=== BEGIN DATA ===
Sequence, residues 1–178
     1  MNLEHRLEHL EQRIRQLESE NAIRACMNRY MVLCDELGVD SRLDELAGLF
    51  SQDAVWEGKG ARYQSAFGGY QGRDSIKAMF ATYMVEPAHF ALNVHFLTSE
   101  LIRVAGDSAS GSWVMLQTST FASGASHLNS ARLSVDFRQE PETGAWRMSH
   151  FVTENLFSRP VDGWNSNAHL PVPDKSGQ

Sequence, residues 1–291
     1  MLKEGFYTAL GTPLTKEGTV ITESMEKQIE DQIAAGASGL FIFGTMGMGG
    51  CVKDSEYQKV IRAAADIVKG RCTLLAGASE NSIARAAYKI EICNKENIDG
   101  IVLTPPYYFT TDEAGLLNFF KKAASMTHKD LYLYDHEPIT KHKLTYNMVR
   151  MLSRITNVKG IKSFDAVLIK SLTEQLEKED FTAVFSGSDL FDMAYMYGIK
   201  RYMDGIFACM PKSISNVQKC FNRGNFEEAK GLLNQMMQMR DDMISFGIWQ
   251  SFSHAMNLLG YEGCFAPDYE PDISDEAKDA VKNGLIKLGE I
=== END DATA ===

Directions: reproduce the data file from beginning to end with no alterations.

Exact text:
Sequence, residues 1–178
     1  MNLEHRLEHL EQRIRQLESE NAIRACMNRY MVLCDELGVD SRLDELAGLF
    51  SQDAVWEGKG ARYQSAFGGY QGRDSIKAMF ATYMVEPAHF ALNVHFLTSE
   101  LIRVAGDSAS GSWVMLQTST FASGASHLNS ARLSVDFRQE PETGAWRMSH
   151  FVTENLFSRP VDGWNSNAHL PVPDKSGQ

Sequence, residues 1–291
     1  MLKEGFYTAL GTPLTKEGTV ITESMEKQIE DQIAAGASGL FIFGTMGMGG
    51  CVKDSEYQKV IRAAADIVKG RCTLLAGASE NSIARAAYKI EICNKENIDG
   101  IVLTPPYYFT TDEAGLLNFF KKAASMTHKD LYLYDHEPIT KHKLTYNMVR
   151  MLSRITNVKG IKSFDAVLIK SLTEQLEKED FTAVFSGSDL FDMAYMYGIK
   201  RYMDGIFACM PKSISNVQKC FNRGNFEEAK GLLNQMMQMR DDMISFGIWQ
   251  SFSHAMNLLG YEGCFAPDYE PDISDEAKDA VKNGLIKLGE I